NEW ORLEANS – Mike Krzyzewski had questions. Actually several of them. The opportunity came during an aside at Duke's media availability here for the Final Four.

Somehow the conversation veered off the great coach's chase of a sixth national championship into the upcoming press conference with NCAA president Mark Emmert. 

"I have many questions [of Emmert]," Coach K said. "I think the very first one is where are we going? And who is going to be in charge? Not that I'm saying that [Emmert] shouldn't be. But what are we doing?"

Those questions have been asked for years – decades, actually. Now there is a soft deadline of Aug. 1 for their answers. That's the deadline for the NCAA Transformation Committee that is attempting to do the heavy lifting out of the muck the association is stuck in. That committee is expected to forward a series of recommendations to reshape the NCAA Constitution that could change the look of college athletics forever

Speaking post-Krzyzewski Thursday at his annual Final Four availability, Emmert made it sound like the NCAA had accepted its diminished role. There was the same old asking Congress for help on NIL that may never happen. The NCAA's credibility on that subject has already been altered by two huge anti-trust losses in federal court (The O'Bannon and Alston cases) as well as name, image and likeness.

Then Emmert dropped a bit of a bomb. 

"We've got a relatively short window of time in my estimate -- one or two years these decisions have to be made because of the dynamics that are underway right now," he said. 

"The legal landscape as it exists today simply will not support and sustain the way college sports is conducted today," Emmert added. 

One or two years or what? Add that to the list of Krzyzewski's questions. It's rather disingenuous to blame "the legal landscape" on college athletics' current predicament. The NCAA helped shape that legal landscape. Now, the association is increasingly helpless to stop those college athletics from becoming a semi-pro enterprise at the highest level.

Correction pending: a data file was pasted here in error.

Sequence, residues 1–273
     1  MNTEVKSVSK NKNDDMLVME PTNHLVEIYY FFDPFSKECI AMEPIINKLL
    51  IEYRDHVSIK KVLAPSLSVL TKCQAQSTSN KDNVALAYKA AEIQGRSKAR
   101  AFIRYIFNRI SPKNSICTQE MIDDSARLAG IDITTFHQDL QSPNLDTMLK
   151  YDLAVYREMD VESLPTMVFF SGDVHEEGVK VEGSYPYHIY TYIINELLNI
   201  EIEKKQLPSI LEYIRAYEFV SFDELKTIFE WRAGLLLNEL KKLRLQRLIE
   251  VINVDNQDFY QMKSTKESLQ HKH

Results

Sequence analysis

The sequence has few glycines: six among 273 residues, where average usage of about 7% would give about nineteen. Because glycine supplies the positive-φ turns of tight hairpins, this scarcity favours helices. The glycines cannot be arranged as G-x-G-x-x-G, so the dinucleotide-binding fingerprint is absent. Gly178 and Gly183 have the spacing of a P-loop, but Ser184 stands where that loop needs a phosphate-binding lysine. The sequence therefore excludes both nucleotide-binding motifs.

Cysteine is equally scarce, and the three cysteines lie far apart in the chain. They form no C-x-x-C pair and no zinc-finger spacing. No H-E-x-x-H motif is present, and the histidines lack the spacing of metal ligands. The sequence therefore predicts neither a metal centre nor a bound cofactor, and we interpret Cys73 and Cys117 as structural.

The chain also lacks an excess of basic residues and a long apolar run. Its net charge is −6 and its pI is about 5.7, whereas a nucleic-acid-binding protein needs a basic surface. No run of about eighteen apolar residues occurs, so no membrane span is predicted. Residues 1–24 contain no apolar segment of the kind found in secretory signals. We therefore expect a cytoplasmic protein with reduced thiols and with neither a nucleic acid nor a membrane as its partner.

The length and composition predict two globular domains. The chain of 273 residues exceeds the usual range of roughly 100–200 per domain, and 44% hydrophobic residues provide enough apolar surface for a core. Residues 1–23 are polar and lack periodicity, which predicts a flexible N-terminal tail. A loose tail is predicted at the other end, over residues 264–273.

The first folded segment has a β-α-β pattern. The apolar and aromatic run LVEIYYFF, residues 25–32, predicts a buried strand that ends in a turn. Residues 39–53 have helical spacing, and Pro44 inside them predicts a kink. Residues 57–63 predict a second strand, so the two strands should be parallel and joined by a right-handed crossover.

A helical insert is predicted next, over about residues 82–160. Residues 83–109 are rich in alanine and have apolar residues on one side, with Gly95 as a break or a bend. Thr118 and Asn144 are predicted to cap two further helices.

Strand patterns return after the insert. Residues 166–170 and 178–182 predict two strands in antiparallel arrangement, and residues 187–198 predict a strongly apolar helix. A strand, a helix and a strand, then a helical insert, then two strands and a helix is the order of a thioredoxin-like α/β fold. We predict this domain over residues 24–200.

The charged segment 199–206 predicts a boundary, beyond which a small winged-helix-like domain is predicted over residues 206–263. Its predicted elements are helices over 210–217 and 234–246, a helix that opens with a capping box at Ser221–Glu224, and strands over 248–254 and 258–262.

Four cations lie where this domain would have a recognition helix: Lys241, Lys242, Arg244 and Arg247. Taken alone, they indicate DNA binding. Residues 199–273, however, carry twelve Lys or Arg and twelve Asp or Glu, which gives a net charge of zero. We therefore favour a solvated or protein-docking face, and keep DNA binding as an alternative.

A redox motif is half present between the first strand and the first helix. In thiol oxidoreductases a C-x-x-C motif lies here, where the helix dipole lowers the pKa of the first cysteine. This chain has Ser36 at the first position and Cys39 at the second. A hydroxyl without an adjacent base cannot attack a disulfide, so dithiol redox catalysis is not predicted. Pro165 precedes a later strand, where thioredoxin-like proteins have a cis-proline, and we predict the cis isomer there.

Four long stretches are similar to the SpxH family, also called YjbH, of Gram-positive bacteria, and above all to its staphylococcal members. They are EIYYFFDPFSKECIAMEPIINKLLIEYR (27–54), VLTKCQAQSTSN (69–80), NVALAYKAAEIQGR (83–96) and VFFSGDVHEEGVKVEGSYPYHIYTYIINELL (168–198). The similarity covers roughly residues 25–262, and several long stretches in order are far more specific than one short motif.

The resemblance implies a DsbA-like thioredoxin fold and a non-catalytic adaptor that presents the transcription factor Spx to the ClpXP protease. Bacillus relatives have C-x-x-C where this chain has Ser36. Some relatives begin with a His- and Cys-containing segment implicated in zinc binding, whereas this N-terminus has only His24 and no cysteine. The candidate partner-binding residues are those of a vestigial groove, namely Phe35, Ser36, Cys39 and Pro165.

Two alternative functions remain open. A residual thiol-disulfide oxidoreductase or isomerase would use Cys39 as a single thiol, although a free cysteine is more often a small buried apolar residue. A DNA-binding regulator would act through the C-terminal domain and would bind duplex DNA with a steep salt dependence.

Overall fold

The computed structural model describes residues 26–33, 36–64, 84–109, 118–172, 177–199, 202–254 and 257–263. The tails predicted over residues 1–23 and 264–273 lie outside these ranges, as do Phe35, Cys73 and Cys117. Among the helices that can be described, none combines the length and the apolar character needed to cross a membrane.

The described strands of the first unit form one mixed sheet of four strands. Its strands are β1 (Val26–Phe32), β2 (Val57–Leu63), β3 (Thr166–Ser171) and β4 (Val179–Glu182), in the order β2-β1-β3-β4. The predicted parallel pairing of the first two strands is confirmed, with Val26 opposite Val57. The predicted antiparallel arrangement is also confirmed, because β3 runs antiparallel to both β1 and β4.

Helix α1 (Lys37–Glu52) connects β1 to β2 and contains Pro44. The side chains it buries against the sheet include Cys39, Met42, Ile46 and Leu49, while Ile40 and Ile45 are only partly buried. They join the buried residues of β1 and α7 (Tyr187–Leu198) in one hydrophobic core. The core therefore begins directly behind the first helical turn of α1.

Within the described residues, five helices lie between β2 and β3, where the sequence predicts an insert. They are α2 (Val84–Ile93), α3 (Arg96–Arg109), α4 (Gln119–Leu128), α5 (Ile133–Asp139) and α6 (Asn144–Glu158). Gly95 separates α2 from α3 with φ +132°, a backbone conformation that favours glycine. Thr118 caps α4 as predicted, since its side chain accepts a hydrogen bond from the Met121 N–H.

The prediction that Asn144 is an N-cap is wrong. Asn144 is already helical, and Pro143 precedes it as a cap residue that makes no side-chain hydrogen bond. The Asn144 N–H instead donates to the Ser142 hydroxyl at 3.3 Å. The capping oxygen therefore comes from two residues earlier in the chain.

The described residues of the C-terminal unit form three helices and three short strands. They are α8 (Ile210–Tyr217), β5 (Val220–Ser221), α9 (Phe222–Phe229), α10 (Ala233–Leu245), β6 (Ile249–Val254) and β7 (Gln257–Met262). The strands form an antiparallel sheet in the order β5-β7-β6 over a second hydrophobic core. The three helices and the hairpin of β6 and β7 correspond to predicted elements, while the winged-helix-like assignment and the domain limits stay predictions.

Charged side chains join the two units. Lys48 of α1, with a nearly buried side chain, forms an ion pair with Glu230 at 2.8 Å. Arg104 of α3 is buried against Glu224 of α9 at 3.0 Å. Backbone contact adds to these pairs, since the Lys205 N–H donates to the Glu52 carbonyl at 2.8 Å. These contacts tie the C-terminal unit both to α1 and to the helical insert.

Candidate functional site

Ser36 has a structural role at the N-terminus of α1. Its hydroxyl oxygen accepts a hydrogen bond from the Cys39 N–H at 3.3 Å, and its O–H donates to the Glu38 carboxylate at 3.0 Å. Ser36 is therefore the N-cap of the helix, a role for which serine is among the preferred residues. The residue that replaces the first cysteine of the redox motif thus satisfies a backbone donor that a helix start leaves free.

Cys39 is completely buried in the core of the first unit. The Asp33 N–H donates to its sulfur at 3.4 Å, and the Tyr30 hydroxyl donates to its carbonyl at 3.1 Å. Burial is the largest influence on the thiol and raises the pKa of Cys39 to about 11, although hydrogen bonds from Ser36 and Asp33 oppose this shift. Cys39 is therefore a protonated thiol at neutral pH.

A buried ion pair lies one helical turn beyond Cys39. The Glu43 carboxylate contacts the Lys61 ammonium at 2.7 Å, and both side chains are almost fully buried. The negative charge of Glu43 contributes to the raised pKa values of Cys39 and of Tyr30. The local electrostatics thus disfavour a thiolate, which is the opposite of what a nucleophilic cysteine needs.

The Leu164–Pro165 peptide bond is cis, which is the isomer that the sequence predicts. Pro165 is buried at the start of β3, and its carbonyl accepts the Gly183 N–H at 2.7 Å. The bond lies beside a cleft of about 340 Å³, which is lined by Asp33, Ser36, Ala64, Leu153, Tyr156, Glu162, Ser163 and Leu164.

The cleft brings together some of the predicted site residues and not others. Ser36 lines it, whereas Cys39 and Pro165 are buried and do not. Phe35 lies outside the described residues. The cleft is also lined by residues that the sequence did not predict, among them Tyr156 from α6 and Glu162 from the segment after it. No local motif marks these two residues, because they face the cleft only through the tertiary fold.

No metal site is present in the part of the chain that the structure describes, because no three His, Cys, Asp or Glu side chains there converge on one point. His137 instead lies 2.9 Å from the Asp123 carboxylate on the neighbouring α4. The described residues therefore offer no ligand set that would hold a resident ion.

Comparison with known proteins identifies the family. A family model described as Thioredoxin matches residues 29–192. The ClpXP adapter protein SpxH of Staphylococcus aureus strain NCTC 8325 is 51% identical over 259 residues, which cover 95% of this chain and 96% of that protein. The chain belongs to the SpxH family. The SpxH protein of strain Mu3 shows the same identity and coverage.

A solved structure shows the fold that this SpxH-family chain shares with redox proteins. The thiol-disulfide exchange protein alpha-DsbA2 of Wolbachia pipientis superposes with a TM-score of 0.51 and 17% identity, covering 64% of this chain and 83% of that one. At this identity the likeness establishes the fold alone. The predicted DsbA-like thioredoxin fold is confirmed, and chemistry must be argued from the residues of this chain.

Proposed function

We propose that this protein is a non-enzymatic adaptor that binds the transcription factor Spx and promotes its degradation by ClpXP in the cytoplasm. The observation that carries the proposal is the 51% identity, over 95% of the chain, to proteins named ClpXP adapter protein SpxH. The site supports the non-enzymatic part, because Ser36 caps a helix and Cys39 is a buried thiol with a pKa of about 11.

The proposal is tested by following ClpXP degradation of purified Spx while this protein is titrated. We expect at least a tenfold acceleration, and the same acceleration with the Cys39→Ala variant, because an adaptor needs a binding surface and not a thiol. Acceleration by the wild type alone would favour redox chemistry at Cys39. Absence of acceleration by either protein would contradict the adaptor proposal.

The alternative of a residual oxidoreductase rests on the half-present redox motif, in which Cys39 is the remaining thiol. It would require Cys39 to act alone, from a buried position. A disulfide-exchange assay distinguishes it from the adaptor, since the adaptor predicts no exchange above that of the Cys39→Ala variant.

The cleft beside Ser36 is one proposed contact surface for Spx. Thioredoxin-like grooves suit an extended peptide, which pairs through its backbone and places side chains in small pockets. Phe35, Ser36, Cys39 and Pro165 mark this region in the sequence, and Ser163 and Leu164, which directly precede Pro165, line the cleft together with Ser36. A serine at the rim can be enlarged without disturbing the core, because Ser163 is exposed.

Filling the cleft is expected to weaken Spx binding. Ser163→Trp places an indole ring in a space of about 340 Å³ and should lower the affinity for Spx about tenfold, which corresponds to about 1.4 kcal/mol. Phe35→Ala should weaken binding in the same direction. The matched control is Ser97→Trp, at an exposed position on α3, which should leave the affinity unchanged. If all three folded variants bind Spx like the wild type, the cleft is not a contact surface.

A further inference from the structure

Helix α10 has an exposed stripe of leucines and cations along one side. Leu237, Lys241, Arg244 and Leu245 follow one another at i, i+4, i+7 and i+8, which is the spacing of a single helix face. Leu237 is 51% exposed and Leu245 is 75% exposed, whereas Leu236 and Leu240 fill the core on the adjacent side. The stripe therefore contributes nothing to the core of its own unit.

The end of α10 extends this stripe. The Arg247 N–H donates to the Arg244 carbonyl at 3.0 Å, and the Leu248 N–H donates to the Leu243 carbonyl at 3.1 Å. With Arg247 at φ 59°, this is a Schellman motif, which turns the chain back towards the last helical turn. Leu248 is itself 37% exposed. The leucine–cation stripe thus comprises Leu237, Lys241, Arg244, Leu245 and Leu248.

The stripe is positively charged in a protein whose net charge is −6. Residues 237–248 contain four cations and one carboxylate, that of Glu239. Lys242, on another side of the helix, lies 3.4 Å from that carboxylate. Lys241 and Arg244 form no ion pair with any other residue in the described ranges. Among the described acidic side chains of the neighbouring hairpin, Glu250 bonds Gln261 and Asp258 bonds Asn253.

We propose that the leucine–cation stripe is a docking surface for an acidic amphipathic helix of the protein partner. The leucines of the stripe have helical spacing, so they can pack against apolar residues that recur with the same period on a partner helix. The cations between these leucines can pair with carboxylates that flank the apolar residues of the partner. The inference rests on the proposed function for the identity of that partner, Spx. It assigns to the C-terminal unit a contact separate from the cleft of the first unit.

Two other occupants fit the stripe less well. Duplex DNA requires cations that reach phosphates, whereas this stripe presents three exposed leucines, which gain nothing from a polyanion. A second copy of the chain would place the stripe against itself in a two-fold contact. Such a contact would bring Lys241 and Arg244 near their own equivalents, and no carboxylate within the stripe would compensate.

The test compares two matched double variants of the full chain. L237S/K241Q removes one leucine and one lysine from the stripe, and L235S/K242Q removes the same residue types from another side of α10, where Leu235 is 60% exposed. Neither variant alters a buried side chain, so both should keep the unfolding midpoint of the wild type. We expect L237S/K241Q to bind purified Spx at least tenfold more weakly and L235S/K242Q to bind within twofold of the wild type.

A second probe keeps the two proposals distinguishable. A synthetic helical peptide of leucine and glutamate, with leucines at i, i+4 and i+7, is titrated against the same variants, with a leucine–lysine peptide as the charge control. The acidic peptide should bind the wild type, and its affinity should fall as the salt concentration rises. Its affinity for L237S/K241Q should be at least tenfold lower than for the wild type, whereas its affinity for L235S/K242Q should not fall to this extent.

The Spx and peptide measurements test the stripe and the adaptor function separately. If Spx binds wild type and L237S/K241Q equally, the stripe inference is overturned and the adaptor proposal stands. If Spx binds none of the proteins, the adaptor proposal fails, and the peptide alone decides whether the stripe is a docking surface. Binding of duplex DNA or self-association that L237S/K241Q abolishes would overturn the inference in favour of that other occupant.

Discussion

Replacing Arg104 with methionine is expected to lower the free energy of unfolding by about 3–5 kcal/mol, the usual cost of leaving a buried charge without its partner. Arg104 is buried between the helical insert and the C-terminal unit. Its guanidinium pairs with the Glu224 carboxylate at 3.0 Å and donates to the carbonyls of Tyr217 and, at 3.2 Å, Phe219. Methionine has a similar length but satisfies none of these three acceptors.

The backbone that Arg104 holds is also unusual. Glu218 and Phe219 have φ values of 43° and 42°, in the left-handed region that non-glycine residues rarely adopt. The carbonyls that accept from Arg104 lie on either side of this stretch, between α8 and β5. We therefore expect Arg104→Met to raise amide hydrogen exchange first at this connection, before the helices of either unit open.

One or two years or what? No more NCAA? There are already signs Congress could step in and run the enterprise. A bipartisan bill is expected to be filed this week that would speed up the enforcement process.

Meanwhile, NIL has … worked? It certainly hasn't been the ruin of college athletics. For decades the NCAA's legal defense when any kind of player compensation came up, was the same. If players were paid, TV ratings would go down, attendance would go down, interest would diminish. That defense doesn't hold up anymore. Not in court, not in the court of public opinion. In fact, NCAA senior vice president of basketball Dan Gavitt on Thursday rattled off a series of attendance benchmarks that had been reached with the men's and women's tournament.

I asked Emmert directly: What evidence did he have that interest, ratings and attendance had declined since the July 1 implementation of allowing NIL compensation.

"Clearly the social and political landscape has shifted pretty significantly in a whole variety of ways in the last 12-24 months," Emmert said. "We're going to be ready, willing and able to shift in dramatic ways."

That evaded the question. The truth is the NCAA got terrible legal advice taking Alston to the Supreme Court. It chose to go to war over giving more educational benefits. Emmert said "conference lawyers, NCAA lawyers and our external lawyers" made the decision. The NCAA Board of Governors signed off on it. 

That 9-0 June decision by the Supreme Court effectively caused the association to reconsider its constitution. Now that transformation committee has until August to "fix" the NCAA.

Transformation co-chairs Greg Sankey (SEC commissioner) and Julie Cromer (Ohio AD) met with the media off to the side after Emmert's remarks. Their pairing signifies the monumental task ahead. Sankey is head of the most powerful conference in the land. The expenses of Cromer's department is $26 million. At Alabama that number is $170 million.  

There is no certainty the two biggest tasks for the committee will be completed by the deadline. That is paring down enforcement and deciding the membership dilemma. That is, who exactly should be in Division I. 

"That doesn't mean everybody will like the process. That doesn't mean it will be perfect," Sankey said of the committee's ongoing work. 

But will it be on time and what is Emmert talking about with a vague one-to-two year timeline on the whole enterprise? Coach K, among others, would like to know.

"He is not the only person who is disenchanted with the current system," Cromer said. 

And now the clock is ticking. Sankey said the committee asked the Board of Governors up front: Are you serious about this task? Do you want all of this done by August?

"The Board said be expeditious but be thorough. I think there is a level of flexibility but I don't think either of us is looking at this co-chair role as a retirement opportunity," Sankey said. 

That statement suggests the 21-person committee could disband after Aug. 1. Other committees could take over – the NCAA takes sustenance from them – but that doesn't solve the problem of saving the NCAA within the next two years. 

"We have legal outcomes that say, not changing is not an option. How that manifests itself remains to be seen …," Sankey said. "We're [membership] really good at making rules, not really good at deleting rules."